Lease — Some companies wish to receive the benefits of a full-service rental program but prefer a lower cost structure. In such instances, leasing uniforms is an appropriate alternative. With a lease program, companies get all the services of a rental program, like required repairs and replacements when needed and overall program management, but employees are responsible for laundering their own work garments. This results in a lower weekly charge per employee than a rental program.

Purchase — Meanwhile, as a final option, a company may wish to make a single, up-front investment and purchase their uniforms outright and manage their entire program themselves. In this case, companies are responsible for all the cleaning and maintenance of the garments. They must oversee and monitor the conditions of all uniforms on an ongoing basis, mandating or making any required repairs, tracking clothing inventories, making purchases for new employees and replacing apparel as it become damaged or ill-fitting.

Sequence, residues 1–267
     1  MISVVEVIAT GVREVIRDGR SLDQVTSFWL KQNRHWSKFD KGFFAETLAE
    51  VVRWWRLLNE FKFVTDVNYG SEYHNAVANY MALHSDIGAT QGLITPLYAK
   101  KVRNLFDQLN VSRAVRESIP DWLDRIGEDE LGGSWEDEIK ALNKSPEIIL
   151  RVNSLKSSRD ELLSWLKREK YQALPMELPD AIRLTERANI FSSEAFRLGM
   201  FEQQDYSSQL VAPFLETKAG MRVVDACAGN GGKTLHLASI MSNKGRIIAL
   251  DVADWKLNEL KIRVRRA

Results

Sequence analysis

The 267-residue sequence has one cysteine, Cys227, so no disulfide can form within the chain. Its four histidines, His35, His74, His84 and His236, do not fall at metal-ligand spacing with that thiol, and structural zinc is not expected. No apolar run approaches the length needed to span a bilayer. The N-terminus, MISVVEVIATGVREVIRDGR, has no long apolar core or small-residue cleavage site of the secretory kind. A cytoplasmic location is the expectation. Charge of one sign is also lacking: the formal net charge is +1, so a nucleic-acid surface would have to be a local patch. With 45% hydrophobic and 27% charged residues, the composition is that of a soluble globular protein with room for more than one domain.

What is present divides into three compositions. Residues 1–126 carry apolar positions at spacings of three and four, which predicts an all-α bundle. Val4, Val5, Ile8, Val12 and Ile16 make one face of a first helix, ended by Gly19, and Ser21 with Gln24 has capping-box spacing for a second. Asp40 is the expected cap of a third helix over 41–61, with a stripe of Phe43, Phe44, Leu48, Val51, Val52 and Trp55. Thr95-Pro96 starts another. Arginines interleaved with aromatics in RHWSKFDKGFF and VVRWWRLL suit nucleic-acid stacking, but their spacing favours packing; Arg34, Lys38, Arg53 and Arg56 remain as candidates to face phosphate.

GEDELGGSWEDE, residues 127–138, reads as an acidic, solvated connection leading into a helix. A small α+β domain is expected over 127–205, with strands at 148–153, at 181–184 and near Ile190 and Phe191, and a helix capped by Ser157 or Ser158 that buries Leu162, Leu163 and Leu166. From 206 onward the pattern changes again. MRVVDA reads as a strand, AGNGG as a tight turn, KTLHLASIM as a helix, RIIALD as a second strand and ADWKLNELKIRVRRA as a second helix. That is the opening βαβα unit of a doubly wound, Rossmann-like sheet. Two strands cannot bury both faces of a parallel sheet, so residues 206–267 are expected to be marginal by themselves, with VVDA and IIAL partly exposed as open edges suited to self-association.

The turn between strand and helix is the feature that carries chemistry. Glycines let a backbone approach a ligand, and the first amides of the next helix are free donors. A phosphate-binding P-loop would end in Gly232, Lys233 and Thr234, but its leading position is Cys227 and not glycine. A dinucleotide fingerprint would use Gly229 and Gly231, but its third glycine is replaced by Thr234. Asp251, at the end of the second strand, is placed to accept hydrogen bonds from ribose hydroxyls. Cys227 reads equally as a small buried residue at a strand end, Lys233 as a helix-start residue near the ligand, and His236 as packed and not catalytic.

Sizing matters

With any uniform program, it’s important that all employees be measured accurately for their uniforms. An ill-fitting uniform in and of itself can be dangerous. A pair of pants that is too lengthy, for example, could cause the wearer to trip; an oversized shirt could inadvertently become entangled in machinery.

Beyond their protective and proper fitting qualities, all uniforms should be manufactured with durable material resistant to rips, tears and punctures. Construction should be of such quality that allows workers the freedom of movement necessary to perform their required tasks — and do so comfortably, regardless of temperature and humidity conditions.

Many of today’s employee uniforms feature scientifically developed fabrics that offer various levels of protection in addition to comfort. These fabrics are generally made from a combination of natural and synthetic fibers such as cotton and polyester or nylon. While natural fibers can offer optimum absorbency and coolness, synthetics can provide greater durability, color retention and resist shrinkage and abrasions.